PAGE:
The influence of social support and health on everyday problem solving in adult African Americans.
The purpose of this study was to examine the relationship between social support, health status, and everyday problem solving in African Americans. The sample included subjects recruited from Baltimore, Maryland. The sample consisted of 249 community-dwelling African American adults, 32% of whom were male, with a sample mean age of 67.8 years (SD = 8.47 years). Variables included: Everyday Problem Solving Test (EPT), social support given and received, physical limitations, counts of chronic illness, smoking, and demographic information. Using stepwise regression, age, education, physical limitations, and social support given were found to be significant predictors of performance on the EPT. Further analysis found support for a partial mediating effect of physical limitations on the relationship between social support and everyday problem solving. The results indicate that there may be differences in the cognitive abilities of those actively involved in social activities.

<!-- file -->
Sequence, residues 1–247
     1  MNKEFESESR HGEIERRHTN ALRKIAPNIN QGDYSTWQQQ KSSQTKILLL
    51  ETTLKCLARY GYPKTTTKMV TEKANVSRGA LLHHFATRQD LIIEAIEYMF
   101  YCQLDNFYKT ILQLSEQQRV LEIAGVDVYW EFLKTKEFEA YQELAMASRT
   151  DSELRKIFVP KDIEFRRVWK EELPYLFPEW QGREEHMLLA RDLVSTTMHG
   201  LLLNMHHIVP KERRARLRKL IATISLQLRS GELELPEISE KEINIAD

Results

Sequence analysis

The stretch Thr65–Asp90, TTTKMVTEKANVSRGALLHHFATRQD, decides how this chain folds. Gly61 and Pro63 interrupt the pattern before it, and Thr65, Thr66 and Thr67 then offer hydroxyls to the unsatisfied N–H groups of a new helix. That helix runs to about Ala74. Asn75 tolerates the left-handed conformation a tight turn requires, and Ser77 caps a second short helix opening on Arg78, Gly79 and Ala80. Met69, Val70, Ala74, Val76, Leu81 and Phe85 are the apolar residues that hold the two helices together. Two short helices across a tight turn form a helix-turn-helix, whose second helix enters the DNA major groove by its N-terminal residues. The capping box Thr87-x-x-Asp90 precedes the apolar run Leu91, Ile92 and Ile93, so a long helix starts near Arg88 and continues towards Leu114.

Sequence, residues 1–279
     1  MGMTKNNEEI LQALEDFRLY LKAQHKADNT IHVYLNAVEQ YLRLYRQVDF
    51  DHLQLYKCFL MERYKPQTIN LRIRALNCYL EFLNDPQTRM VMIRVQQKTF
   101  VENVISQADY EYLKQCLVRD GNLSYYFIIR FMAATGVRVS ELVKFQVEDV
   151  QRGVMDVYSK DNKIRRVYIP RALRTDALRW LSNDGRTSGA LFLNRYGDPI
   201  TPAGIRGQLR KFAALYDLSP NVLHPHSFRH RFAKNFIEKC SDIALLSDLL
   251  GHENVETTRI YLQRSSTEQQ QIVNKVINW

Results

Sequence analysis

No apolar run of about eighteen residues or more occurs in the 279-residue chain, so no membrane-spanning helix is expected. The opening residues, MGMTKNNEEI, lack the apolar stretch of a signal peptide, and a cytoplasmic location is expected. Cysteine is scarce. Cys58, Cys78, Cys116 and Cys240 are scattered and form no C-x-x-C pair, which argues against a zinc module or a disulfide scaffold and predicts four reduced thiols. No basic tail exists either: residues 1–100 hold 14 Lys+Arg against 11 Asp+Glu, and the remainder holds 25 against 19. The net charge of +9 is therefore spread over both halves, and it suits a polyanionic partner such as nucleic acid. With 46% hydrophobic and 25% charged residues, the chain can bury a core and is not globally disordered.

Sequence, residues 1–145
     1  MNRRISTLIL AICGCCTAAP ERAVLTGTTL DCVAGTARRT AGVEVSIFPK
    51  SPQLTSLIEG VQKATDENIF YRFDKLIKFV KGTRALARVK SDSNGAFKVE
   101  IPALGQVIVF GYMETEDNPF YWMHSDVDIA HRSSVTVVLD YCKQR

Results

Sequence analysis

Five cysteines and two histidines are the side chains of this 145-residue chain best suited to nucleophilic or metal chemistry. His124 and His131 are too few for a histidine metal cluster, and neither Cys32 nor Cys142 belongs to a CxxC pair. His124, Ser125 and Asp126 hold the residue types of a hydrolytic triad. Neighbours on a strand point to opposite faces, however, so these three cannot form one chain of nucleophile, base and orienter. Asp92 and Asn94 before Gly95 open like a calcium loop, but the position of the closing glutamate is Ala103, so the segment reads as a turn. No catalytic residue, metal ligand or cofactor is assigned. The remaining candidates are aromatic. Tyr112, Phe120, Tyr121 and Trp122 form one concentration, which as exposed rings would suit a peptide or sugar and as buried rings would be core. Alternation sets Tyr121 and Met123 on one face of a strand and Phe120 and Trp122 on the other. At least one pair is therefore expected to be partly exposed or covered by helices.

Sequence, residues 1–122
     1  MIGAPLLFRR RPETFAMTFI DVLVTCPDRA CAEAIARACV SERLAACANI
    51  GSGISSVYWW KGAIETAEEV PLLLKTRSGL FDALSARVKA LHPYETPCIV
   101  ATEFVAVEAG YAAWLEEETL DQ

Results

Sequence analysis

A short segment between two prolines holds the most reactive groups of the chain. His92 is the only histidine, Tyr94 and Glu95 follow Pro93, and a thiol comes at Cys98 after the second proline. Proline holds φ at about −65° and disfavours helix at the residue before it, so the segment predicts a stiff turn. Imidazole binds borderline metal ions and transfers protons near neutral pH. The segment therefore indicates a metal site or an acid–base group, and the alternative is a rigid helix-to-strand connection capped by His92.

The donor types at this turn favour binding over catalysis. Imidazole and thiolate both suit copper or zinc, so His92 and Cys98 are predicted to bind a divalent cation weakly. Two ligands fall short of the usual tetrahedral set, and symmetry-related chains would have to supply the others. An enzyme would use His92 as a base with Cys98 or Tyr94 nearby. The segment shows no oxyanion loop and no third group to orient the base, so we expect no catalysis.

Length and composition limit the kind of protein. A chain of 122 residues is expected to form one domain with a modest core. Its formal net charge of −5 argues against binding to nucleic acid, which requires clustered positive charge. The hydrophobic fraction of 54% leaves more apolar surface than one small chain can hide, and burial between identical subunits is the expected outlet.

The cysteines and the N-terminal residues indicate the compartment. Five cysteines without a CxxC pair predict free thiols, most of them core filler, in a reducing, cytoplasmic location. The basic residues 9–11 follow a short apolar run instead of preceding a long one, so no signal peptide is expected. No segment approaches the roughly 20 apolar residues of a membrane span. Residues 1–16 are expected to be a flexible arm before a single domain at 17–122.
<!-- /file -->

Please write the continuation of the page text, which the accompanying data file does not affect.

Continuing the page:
Whitfield, KE; Wiggins, S
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